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New Materials for Warships include carbon and glass fibre, aluminium, syntactic foam, copper and graphene

To date, different types of carbon and alloy steels have proved to be the main materials of choice for naval ship construction around the world. While composites, titanium and aluminium alloys have been utilized for making hulls of smaller vessels such as patrol boats, these materials do not meet the structural requirements of the larger vessels. However new materials are being developed that offer higher performance and improved functionality.


The research project, (Lightweight Structures at Sea) LASS-C, looked at replacing the superstructure of cruise ship Norwegian Gem in composite. The major step forward in materials science means that it is now technically possible to construct ships for national and international traffic in carbon or glass fibre, while meeting classification societies’ safety requirements. This, together with new design approaches for the use of aluminium in vessels, is the result of a research project that has attracted widespread international interest, coordinated by SP Technical Research Institute of Sweden.The main challenge has been to demonstrate how ships can be built using lightweight materials without compromising with fire safety, says Tommy Hertzberg, project manager and fire research scientist with SP.


The payback period for the extra structural cost if you took the fuel savings gained from the weight reduction was 5.9 years, but the payback from income from the extra cabins you could build for the same overall weight was 2.5 years. Likewise the payback on cargo ships is quicker if you consider the potential extra payload rather than the fuel savings.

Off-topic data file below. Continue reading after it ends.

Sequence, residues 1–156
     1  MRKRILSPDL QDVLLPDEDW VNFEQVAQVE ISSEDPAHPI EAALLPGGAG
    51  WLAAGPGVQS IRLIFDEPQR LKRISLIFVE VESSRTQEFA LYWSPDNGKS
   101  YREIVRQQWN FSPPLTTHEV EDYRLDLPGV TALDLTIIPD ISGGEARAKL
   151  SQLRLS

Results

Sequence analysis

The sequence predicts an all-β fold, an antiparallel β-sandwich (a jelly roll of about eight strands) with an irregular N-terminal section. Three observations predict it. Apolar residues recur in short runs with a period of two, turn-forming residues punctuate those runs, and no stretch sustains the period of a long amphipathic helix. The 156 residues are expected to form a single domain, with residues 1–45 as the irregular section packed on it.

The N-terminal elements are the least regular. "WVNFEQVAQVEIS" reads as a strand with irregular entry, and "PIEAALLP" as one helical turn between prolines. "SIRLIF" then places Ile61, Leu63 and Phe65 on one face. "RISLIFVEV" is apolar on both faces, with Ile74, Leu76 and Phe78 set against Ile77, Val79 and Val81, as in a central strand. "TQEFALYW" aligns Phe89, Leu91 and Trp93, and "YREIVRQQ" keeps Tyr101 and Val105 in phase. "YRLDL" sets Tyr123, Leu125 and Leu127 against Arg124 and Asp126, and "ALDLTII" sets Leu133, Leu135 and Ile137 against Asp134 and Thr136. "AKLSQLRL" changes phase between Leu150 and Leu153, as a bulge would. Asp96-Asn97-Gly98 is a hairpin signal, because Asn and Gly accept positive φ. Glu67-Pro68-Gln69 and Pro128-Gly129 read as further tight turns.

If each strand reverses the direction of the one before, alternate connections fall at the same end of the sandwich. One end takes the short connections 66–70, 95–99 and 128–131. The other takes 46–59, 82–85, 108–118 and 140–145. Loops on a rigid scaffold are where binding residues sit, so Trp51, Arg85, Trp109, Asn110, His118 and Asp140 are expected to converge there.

Indian Defence minister Nirmala Sitharaman commissioned in Oct 2017, the indigenously-built anti-submarine warfare stealth corvette INS Kiltan at the Eastern Naval Command here. It is India’s first major warship to have a superstructure of carbon fibre composite material resulting in improved stealth features, lower top weight and maintenance costs, it said.


British scientists and engineers have released designs for a high-tech Royal Navy vessel, offering a glimpse of navy’s advanced future warships. They suggested that warship in 2050; dubbed Dreadnought 2050 shall be a tri-hull design made of an ultra-strong, acrylic and graphene that can be turned translucent to give all-round visibility.

Lightweight materials good for the environment and for costs

There are many benefits from building in lightweight materials. Many modern ships require ballast for stability reasons. If, however, the superstructure is constructed from lightweight materials, there is less need for ballast, i.e. dead load can be replaced by pay load which is evidently highly profitable. In addition, the rising price of oil, coupled with increasingly stringent environmental requirements, means that all ways of reducing fuel consumption are of interest. Lightweight materials also bring other advantages, e.g. a reduced need for maintenance (plastic materials do not rust) and an increased life length of the vessel.


For naval ships, the flexibility of the plat-form, the potential for extra weaponry and increased speed are all attractions which can be gained through topside weight reduction as well as reduced fuel consumption or increased range.


Corrosion resistance is an obvious advantage of composites over steel in a marine environment. In addition, for military customers, the potential to incorporate smart functionality and reduce magnetic, radar and infra-red signatures is of interest. The improved thermal and acoustic insulation properties of FRP are significant in many applications, for example, cruise ship balconies where thermal bridging is a problem, cabin partitions where noise transfer must be minimized.


US Army develops new metal that can float on water and could lead to ‘indestructible’ warships